sea, while others in the evenings and on Sunday wore little and did little, as they
sunbathed in open and shaded spaces.

Seldom does Kintyre have such heat and there is no doubt that the majority, while
perhaps rather uncomfortable with the oppressiveness, enjoyed the summer sunshine.

The event of the Greenock holiday brought a big influx of visitors to Campbeltown,
which, with its natural attractions that are the envy of every other resort on the west
coast, offered them escape to the coast and country.

Sunday’s heat became almost unbearable and towards evening the atmosphere was
thundery.

Then came the storm shortly after 10 o’clock, presaged by distant rumblings. People
were awakened by the crashes of thunder and vivid flashes of lightning against the
hills and the night sky; the countryside seemed alive with tongues and streaks of blue
and red.

Towards midnight, the electrical storm grew in intensity. Many people remained up, or dressed, and watched the scene. One resident described it as being like ‘a mammoth of fireworks display’.

Our representative who had occasion to walk home after the storm had abated found the town unusually ablaze with lights for such an early morning hour and several people were at their doors.

Part of Shore Street and other areas of the town became flooded for a short time by
the torrential showers.

Telephone lines are affected and once or twice the electrical power was momentarily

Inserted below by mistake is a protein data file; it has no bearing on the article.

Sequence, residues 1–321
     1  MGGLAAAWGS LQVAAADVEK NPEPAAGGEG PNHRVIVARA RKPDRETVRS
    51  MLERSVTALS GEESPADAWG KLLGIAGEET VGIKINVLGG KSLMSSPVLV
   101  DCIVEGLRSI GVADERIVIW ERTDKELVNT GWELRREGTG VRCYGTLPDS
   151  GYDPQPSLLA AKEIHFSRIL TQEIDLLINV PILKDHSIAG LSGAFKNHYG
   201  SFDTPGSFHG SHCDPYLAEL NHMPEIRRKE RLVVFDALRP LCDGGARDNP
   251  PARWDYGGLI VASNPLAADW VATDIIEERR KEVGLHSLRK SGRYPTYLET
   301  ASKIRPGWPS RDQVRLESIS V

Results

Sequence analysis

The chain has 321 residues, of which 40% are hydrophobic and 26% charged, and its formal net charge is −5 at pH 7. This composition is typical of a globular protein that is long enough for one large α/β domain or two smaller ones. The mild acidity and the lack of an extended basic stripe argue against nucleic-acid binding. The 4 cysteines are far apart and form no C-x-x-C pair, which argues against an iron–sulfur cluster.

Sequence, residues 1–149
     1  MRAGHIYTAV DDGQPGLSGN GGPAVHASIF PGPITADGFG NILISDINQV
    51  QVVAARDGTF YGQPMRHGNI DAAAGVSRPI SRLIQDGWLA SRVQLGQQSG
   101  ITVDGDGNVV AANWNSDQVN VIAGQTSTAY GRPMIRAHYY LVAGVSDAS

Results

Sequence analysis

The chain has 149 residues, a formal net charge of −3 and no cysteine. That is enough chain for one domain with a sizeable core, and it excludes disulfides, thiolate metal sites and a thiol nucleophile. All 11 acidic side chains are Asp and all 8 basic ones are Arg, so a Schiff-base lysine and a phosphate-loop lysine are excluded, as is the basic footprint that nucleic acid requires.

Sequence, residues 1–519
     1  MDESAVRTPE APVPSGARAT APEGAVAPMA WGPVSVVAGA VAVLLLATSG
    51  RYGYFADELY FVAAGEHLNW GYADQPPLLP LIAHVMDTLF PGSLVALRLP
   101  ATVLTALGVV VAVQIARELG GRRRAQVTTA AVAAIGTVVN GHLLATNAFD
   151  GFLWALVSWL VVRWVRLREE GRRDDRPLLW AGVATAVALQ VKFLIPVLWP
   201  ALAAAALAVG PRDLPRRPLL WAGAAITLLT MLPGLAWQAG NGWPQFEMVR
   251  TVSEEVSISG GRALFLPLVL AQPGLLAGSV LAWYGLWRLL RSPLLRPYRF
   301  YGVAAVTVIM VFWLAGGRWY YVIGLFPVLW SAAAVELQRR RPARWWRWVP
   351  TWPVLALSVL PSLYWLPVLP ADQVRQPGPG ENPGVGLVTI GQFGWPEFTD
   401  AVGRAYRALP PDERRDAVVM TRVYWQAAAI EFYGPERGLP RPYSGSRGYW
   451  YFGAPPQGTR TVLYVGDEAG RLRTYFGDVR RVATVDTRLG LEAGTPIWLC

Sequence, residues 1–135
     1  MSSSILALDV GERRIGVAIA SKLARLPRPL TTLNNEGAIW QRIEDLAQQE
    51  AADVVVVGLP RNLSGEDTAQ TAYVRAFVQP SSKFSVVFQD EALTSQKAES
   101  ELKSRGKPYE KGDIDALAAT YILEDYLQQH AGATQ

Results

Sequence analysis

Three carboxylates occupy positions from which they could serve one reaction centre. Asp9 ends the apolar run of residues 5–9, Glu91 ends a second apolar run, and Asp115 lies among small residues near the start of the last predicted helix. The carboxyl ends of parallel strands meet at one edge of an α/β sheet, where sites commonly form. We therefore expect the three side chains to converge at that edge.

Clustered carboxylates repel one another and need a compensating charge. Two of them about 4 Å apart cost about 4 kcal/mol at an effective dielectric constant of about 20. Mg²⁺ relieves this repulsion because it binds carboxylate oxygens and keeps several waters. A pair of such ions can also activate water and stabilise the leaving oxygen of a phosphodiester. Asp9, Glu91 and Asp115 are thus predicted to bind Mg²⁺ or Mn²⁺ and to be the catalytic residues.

interrupted, no doubt due to high voltage wires or poles being hit, but there was no
serious interference to the town’s supply.

A North of Scotland Hydro-electric Board official at Campbeltown told The Courier
later that the storm caused no incidents in our area, although a number of high tension
11,000 volt fuses were blown: ‘So far we have been unable to trace any poles having
been struck.

‘The fuses blown were in various parts of the area, but there was no real damage.’

Campbeltown Post Office engineers did a really good job of work in tackling interruptions caused by the storm. Few people realised that the lightning isolated the
districts of Carradale and Southend, so quick did the engineers get the breakdown
under control. All available staff were called out at midnight.

Despite conditions, they worked throughout the morning and by daybreak communications were under control, apart from many isolated subscribers whose
instruments had fused. These were so far apart that engineers were busy on Monday and Tuesday attending to individual demands.

Argyll County Police confirmed there was no damage reported in any part of the
county arising from the storm. One officer told The Courier: ‘This was ‘quite amazing’.’

• In 1952, the electricity supply and telecommunications – telephones and
telegrams – were state-owned operations, with the General Post Office running the
telecommunications.

Captions

2012: Red Cross centenary: Back: Fay McKinven, Margaret McKendrick, Isabel Campbell and Jenny Graham. Front: Sheena Graham and Ailsa Stewart. NO_CC28_FromOurFiles01

1997: Southend’s 4th Argyll Cub Scouts did exceptionally well in the mini Olympics
recently by picking up the top prize in the competition, the John Logan trophy.
Competing against teams from all over Argyll and Bute, the six-strong team won the
top prize for their overall team performance: Back: Scott MacBrayne, Andrew Martin, Sam Hales and Andrew Galbraith. Front: Kevin MacIntyre and Ian Galbraith. NO_CC28_FromOurFiles02